A New Steady-State Calorimeter for Measuring Heat Transfer through Cryogenic Insulation
One of the most important problems in the continuing effort to understand the heat transfer mechanism in cryogenic insulation and to develop more effective insulating materials is the accurate determination of the effective thermal conductivity of insulating materials. Although a number of calorimeters [1–5] have been designed and built to date, almost all of them suffer from certain limitations which restrict their accuracy and limit the temperature range over which they can yield satisfactory data. Among the best known efforts in the construction and use of calorimeters are the flat-plate calorimeters [1–4] and the cylindrical calorimeter , The flat-plate calorimeters can potentially yield high accuracy with a number of materials, but they require extensive guards to shield against extraneous heat transfer, are difficult to operate, expensive to build , require a long time before reaching steady state, and may necessitate the use of expensive electronic feedback equipment to satisfy the demands of high accuracy . The available cylindrical calorimeters are simple to operate and cheaper to build, but they can only operate over limited temperature ranges and are subject to errors due to conduction along the fill and vent piping and uncertainty as to whether or not they actually achieve steady state.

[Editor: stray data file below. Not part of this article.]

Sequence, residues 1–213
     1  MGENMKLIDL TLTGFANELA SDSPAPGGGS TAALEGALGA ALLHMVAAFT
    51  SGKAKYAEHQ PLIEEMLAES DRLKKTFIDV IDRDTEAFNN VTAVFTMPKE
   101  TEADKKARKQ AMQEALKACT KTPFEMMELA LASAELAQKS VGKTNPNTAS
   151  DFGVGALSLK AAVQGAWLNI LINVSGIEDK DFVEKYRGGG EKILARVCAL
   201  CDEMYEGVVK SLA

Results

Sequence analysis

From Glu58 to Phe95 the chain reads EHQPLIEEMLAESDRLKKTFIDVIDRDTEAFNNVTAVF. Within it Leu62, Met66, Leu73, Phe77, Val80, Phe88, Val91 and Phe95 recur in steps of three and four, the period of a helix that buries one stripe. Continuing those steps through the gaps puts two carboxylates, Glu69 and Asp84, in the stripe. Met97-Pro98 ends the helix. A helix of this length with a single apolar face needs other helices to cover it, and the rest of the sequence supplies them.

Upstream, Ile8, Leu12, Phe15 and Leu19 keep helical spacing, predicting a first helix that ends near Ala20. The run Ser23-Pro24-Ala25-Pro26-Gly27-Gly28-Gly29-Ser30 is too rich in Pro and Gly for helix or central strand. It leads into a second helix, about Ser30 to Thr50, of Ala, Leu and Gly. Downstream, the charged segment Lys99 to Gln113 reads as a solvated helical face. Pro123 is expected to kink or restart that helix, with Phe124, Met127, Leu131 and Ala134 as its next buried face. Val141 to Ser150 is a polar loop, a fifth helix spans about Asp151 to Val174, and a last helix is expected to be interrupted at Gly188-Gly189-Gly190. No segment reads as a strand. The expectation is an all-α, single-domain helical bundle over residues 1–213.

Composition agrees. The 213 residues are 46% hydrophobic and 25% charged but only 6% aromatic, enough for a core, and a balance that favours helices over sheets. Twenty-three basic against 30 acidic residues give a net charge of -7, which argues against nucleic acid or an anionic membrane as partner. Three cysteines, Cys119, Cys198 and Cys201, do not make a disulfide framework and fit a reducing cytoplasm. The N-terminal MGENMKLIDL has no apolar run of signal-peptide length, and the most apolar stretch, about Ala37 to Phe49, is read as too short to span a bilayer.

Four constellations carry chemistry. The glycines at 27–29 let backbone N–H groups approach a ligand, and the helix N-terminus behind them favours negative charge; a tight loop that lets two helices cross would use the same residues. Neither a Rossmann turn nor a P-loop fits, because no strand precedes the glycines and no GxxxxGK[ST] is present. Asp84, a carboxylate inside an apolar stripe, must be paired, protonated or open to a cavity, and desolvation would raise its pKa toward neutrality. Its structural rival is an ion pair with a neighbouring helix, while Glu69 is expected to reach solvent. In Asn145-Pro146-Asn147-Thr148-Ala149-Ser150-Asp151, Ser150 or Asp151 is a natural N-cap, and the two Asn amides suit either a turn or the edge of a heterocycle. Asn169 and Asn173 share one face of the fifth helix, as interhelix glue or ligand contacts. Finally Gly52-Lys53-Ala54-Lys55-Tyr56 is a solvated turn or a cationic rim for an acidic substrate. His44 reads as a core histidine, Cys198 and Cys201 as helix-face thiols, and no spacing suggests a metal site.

KeywordsEffective Thermal Conductivity Aluminum Powder Heat Transfer Mechanism Measuring Heat Transfer Limited Temperature Range
Unable to display preview. Download preview PDF.
- 1.G. B. Wilkes, Refrig. Eng, 52, 37 (1946).Google Scholar
- 2.D. B. Cline and R. H. Kropschot in Advances in Cryogenic Engineering Vol. 7, Plenum Press, New York (1962), p. 534.Google Scholar
- 3.I. A. Black, A. A. Fowle, and P. E. Glaser, “Low-Temperature Thermal Conductivity Test Apparatus,” Proceedings Tenth International Congress of Refrigeration, International Institute of Refrigeration, Paris (1959).Google Scholar
- 4.Arthur D. Little, Inc., Unpublished data.Google Scholar
- 5.M. M. Fulk, Progress in Cryogenics, Vol. 1, Heywood & Company, London (1959), p. 65.Google Scholar
- 6.R. B. Scott, Cryogenic Engineering, 2nd ed., D. van Nostrand Company, Princeton, New Jersey (1959).Google Scholar
- 7.R. J. Corruccini and J. J. Gniewek, NBS Monograph 29, (May 1961).Google Scholar
- 8.D. R. Beck, “A Steady-State Calorimeter for Measuring the Heat Transport through Cryogenic Insulations,” M.S. Thesis in Mechanical Engineering, University of Colorado (1962),Google Scholar
- 9.N. Vargaftik, J. Tech. Phys. U.S.S.R., 4, 341 (1937).Google Scholar
- 11.B. J. Hunter, et al., in Advances in Cryogenic Engineering, Vol 5, Plenum Press, New York (1959), p. 146.Google Scholar
- 12.D. B. Cline and R. H. Kropschot, Radiative Transfer From Solid Materials, H. Blau and H. Fischer (eds.), MacMillan Company, New York (1962), p. 61.Google Scholar